This time last year, if you’d asked me what would be the biggest issue for the property sector in 2020, I might have said Brexit. That’s still a concern, of course, with questions to be answered as the transition period runs out. I might also have predicted severe issues around cladding and fire safety which proved to be devastating for many leaseholders unable to sell up and move on, and in the meantime feeling unsafe in their own homes. It’s been estimated that replacing unsafe cladding in London alone will cost £4 billion, and understandably, time and funds have been diverted into dealing with cladding at the expense of regular maintenance.
What none of us saw coming a year ago was the impact of coronavirus. In a matter of weeks early this year, it went from being something that was happening in China to an emergency that changed the way we all live and work. So between the pandemic and the cladding catastrophe, Brexit has barely registered as a concern in 2020. These are the issues that have seen many of our long-term plans go out the window.
As a result of the lockdowns, many buildings have not had the attention they normally would. There have been fewer routine inspections and less attention to maintenance. On top of that, with thousands of people either not able to work at all or on reduced incomes, some leaseholders are struggling to make their service charge payments, which in turn means property managers’ budgets have taken a hit. For many if not most landlords and managing agents, whatever maintenance strategy they previously had in place has had to be reassessed to account for pandemic-related budget issues, as well as fire upgrades and similar urgent priorities.
Looking forward, then, what this means is that the focus for the next two or three years may, out of necessity, be reactive rather than proactive. That might not be ideal, but we have to live in the real world. The point I want to emphasise is that this doesn’t have to mean abandoning a strategic view altogether. The difference is that in this context, being strategic means making a conscious decision to be reactive, and making sure everyone is aligned with that, at least as a temporary measure. So if we’re going to have a reactive regime, we can at least ensure it’s a “planned” reactive regime.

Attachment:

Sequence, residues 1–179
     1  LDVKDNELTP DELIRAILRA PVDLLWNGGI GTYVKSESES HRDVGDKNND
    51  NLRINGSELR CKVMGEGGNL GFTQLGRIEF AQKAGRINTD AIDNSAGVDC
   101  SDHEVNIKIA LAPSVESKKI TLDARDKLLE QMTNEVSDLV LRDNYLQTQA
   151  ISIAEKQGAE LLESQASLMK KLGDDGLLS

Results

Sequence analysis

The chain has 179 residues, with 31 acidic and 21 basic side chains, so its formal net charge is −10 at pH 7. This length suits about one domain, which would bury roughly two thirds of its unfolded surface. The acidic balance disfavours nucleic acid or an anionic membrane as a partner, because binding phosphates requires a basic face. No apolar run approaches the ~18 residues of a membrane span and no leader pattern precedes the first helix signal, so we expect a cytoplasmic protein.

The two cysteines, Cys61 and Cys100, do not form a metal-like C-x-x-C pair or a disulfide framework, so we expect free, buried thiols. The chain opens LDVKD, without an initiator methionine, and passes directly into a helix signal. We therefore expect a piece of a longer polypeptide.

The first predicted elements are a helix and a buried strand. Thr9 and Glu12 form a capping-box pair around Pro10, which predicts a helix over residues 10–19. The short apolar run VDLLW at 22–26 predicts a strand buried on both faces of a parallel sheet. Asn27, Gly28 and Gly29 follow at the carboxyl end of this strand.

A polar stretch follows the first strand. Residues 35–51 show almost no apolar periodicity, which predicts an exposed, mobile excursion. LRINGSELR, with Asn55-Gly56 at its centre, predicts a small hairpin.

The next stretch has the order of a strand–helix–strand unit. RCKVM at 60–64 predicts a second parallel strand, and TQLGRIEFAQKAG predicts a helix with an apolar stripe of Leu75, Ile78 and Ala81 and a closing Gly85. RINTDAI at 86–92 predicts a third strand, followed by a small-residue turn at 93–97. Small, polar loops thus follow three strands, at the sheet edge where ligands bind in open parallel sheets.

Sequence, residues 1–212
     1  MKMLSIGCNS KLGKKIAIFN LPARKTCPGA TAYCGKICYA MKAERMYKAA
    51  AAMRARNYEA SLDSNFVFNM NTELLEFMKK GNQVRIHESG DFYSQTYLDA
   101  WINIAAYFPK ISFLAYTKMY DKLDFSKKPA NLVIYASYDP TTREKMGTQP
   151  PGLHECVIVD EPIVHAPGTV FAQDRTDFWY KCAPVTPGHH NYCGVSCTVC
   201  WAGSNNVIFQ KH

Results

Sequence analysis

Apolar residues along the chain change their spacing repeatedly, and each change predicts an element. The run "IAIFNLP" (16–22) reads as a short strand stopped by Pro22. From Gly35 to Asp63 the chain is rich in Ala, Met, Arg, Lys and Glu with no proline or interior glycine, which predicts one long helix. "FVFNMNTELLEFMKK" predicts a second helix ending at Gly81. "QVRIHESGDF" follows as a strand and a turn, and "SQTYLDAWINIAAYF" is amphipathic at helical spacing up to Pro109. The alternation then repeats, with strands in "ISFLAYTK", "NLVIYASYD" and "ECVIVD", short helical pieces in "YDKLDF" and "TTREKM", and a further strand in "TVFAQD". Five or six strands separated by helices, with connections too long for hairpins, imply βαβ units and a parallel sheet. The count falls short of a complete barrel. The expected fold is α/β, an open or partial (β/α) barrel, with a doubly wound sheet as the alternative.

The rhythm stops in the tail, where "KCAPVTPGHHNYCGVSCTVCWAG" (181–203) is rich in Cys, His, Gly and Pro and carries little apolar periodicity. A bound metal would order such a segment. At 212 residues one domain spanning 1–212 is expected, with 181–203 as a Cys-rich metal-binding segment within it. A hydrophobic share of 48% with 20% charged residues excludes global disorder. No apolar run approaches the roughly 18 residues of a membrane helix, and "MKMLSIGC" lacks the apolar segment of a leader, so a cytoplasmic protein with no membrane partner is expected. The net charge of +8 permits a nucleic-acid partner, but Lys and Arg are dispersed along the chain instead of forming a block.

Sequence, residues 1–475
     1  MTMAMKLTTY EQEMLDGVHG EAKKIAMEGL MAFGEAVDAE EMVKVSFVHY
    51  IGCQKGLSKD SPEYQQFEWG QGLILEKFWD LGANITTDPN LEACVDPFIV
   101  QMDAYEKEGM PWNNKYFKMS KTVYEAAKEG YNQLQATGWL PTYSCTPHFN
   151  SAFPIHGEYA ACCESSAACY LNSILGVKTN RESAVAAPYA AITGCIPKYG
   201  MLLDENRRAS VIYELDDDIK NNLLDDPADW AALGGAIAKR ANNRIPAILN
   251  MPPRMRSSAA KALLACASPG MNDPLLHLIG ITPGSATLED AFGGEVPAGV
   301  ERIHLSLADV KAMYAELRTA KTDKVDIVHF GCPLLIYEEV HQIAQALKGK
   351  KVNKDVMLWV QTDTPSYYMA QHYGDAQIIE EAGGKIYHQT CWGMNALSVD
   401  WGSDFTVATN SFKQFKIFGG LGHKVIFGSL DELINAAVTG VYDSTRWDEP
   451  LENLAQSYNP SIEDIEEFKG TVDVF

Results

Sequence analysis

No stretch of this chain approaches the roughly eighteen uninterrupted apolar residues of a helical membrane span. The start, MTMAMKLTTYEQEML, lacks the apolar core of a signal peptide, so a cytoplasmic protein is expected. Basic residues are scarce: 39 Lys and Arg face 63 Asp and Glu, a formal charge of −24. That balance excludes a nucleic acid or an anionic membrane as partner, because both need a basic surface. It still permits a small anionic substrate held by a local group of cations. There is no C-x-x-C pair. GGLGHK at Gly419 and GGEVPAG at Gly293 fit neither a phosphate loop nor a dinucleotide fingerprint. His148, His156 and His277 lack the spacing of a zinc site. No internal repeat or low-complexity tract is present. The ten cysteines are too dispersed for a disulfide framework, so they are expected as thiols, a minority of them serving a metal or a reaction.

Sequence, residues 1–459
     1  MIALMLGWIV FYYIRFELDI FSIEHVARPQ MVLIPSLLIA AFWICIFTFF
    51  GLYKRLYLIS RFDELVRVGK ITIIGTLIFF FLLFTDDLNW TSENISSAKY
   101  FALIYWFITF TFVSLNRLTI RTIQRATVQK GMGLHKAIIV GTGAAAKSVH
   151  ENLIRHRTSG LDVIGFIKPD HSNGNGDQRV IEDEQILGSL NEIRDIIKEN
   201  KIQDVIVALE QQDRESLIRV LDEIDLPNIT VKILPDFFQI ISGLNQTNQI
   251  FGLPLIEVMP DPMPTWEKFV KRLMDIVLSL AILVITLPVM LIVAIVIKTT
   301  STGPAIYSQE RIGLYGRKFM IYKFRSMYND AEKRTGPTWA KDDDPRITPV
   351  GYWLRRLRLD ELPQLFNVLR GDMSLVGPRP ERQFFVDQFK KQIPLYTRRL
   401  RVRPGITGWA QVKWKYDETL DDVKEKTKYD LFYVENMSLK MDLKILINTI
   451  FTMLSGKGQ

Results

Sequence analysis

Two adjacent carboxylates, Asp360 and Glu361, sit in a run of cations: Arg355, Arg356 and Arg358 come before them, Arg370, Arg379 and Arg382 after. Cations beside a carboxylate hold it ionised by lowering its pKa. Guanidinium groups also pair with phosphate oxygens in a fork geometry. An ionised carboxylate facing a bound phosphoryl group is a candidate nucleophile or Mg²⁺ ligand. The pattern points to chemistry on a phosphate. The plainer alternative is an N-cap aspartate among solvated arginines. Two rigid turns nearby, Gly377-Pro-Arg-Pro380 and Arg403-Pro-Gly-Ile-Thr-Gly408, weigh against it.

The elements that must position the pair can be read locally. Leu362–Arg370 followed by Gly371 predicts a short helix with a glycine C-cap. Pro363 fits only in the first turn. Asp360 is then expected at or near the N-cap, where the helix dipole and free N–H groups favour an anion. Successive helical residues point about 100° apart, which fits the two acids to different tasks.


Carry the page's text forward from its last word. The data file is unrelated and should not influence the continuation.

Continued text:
First things first, we know many buildings are going to need urgent major works to put in place fire upgrades and cladding replacements, and those things are going to take a massive chunk out of budgets as a minimum, leading to a backlog of other maintenance priorities. We need to be prepared for the fact that these unexpected “big ticket” items are undoubtedly going to dictate the shape of maintenance cycles for the next few years.
But making a deliberate decision to postpone other works is very different from simply forgetting about them, because this way we can at least make a note that they will be required in due course, and monitor the situation to check for any further deterioration. In other words, better a backlog you know about than one you don’t!
We know traditional planned preventative maintenance (PPM) is going to be seen by many building managers as a luxury they can’t afford, but it’s important not to forget that a good maintenance strategy will save money and hassle in the long run. And the good news is that it doesn’t have to be all or nothing. It is possible for surveyors to carry out a more basic health-check on buildings to flag any issues that are obvious to a trained professional but might be missed by someone else. That way, they can offer reassurance where appropriate, or advice about interim measures that might be necessary even in lieu of full repairs.
Digital technology is also proving increasingly helpful in our business. One consequence of lockdown is that businesses everywhere are taking advantage of online video apps to hold virtual meetings and presentations, and the residential property sector is no different. Similar technology can be used to put together more time and cost-efficient alternatives to a written planned preventative maintenance plan. A surveyor can simply take a phone or tablet and ‘walk through’ a building area by area to point out issues the property manager should be looking out for, which they can then use to guide their own inspections, calling in additional help if they have any concerns.
Meanwhile, another piece of tech that’s come into its own is drones. These provide visual access to areas that would not otherwise be accessible without expensive scaffolding, and frankly offer better views. And of course they provide a permanent record that can be viewed again and again. Drones have been handy this year, but they are also likely to remain part of the maintenance toolkit in the years to come.
Despite the challenges that 2020 has thrown our way, we have done our best to adapt and even flourish: new working practices, new team members, and arguably better alignment with key clients. 2020 has, however, hit us all in various ways, and has certainly had an impact on the property sector. But as much as we recognise the need to adapt, dropping planned maintenance altogether is not an option. Doing it differently certainly is. We might not have seen the pandemic coming, but as we all adapt to the new normal, let’s head into 2021 with our eyes wide open.
14th December 2020
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